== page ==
Concensus on Short-Term Endurance Training Methods?


In late 2009, the University of Copenhagen in Denmark and Team Danmark bought together the leading sport scientists in the world that were focused on high-intensity sport events lasting less than eight minutes in duration or team sports where frequent bursts of high intensity were needed. Such events require training that is a balance between high volumes and high intensity but is also technical as well. The objective was to develop consensus statements on preparing athletes for such events or sports. This article summarises the recently published outcomes of the three-day meeting of the minds.

The Consensus Statements

The meeting focused on high intensity sports lasting less than eight minutes (e.g. track running and cycling, 200 and 400m swim events, rowing, kayaking etc). Here is a summary of what they decided:

  1. Athletes should perform high–intensity interval training.
  2. These intervals should consist of repeated bouts of exercise performed close to or well above the intensity requiring maximal oxygen uptake (VO2max).
  3. Athletes should taper before major competitions by emphasising intensity of training at the expense of training volume.
  4. Heavy resistance strength training enhances performance in high-intensity sports.
  5. Heavy resistance strength training without muscle growth enhances endurance capacity in high-intensity sports or events lasting from a few minutes to several hours.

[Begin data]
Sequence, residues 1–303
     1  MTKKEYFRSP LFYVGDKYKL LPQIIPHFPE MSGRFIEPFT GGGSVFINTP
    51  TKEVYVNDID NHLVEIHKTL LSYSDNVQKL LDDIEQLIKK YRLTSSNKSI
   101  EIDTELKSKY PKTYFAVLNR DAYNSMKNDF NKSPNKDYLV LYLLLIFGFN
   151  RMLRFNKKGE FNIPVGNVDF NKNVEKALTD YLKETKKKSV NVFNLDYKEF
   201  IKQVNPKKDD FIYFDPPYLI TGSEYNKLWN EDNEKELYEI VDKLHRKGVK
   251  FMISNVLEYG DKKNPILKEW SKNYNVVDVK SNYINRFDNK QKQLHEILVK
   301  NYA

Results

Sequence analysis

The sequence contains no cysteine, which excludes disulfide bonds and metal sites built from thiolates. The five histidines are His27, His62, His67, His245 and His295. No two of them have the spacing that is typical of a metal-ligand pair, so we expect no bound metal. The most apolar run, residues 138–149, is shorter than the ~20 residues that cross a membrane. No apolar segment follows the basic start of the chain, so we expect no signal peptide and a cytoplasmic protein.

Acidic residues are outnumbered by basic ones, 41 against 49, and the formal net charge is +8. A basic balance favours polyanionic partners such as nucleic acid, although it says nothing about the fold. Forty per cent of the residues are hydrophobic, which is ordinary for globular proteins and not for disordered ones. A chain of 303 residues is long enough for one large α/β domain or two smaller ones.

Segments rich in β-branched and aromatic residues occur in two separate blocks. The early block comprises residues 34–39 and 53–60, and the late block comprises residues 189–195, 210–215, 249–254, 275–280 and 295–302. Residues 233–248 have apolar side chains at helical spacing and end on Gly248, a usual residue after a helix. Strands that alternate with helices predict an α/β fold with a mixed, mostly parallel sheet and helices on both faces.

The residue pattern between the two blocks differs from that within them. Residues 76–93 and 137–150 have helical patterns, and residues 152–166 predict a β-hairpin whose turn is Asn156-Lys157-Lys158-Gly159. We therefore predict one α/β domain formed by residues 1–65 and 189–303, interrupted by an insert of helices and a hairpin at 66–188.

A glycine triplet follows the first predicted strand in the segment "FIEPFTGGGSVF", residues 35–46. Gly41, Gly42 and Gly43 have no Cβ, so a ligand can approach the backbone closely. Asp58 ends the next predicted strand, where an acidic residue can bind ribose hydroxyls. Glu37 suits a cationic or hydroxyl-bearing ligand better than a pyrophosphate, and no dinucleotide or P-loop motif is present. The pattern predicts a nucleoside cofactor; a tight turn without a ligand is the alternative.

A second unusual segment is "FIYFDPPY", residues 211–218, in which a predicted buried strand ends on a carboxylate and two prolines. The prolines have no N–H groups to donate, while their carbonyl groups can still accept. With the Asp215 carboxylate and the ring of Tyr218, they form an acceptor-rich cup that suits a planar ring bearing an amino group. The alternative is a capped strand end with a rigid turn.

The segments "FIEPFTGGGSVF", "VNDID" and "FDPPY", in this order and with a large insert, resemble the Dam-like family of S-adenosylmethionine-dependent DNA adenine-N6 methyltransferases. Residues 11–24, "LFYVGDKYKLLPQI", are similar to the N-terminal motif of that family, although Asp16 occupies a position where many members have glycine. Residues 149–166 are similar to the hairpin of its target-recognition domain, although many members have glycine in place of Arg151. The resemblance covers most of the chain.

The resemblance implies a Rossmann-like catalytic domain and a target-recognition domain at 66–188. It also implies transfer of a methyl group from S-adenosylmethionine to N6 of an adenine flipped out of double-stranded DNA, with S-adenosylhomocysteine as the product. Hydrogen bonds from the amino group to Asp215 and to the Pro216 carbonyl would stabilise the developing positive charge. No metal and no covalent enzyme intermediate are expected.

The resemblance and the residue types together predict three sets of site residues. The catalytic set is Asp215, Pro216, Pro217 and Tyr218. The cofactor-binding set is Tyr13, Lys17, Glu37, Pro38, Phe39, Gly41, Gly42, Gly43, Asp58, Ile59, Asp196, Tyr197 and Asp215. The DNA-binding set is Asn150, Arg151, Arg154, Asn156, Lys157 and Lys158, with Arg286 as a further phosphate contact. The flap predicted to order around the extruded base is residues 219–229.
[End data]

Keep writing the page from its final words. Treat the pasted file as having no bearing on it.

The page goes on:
6. Concurrent strength and endurance training prevents muscle growth but facilitates improved endurance capacity.
  7. Heavy training loads of 4-12 repetitions of 70-95% of maximum load are suggested.
  8. Adequate dietary carbohydrate and energy intake are essential for high-intensity training sessions.
  9. Small amounts of high-quality protein should be consumed soon after high-intensity training or events to enhance recovery and adaptation.
  10. Promote and monitor non-sport recovery strategies to enhance physical and mental recovery.
  11. Focus on long-term athlete development rather than short-term success.
  12. Create a social environment with open communication and a cohesive training group.
  13. Support athletes to balance sport, education, family and personal life.

Reference: Bangsbo, J. and others (2010). Performance in top sports involving intense exercise.  Scandinavian Journal of Medicine and Science in Sports. 20 (Supplement 2): ii-iv.

Shin Splints – A Pain in the Leg!

I remember them well-that dull ache at the front and side of my shins. I was 27 years old, in my prime and invincible! I’d always run pretty well and was doing 3 x 5k runs a week for health and Rugby fitness. At the time I was also a national surflifesaving champion and working as a PE teacher in Ipswich, Queensland.

I’d just heard about this new endurance event called an Aquathon – a 5k run followed immediately by an 800m swim. You run in your swim gear, kicked off your shoes and dived straight in for the swim! The national championships were being held at Oatley in Sydney. I had 3 weeks to get ready.

I’ll give that a go I thought! I’m already pretty fit. I know what I’ll do! I do interval training, everyone says it’s the way to get race fit fast!  Down to the local athletics track wearing  a pair of thin road racing shoes and into it. Warm-up with a lap easy, do some stretches and then 10 x 400m runs on 2 minutes then a lap warm-down and stretch again. Twice a week of intervals should do it on top of the normal 3 x 5k runs. And maybe a 10k run as well to get some endurance up!

Big mistake – shin splints big time! Never forgotten and never repeated! Young and dumb! So what does the research say about the causes, treatment and prevention of these very painful lower limb injuries.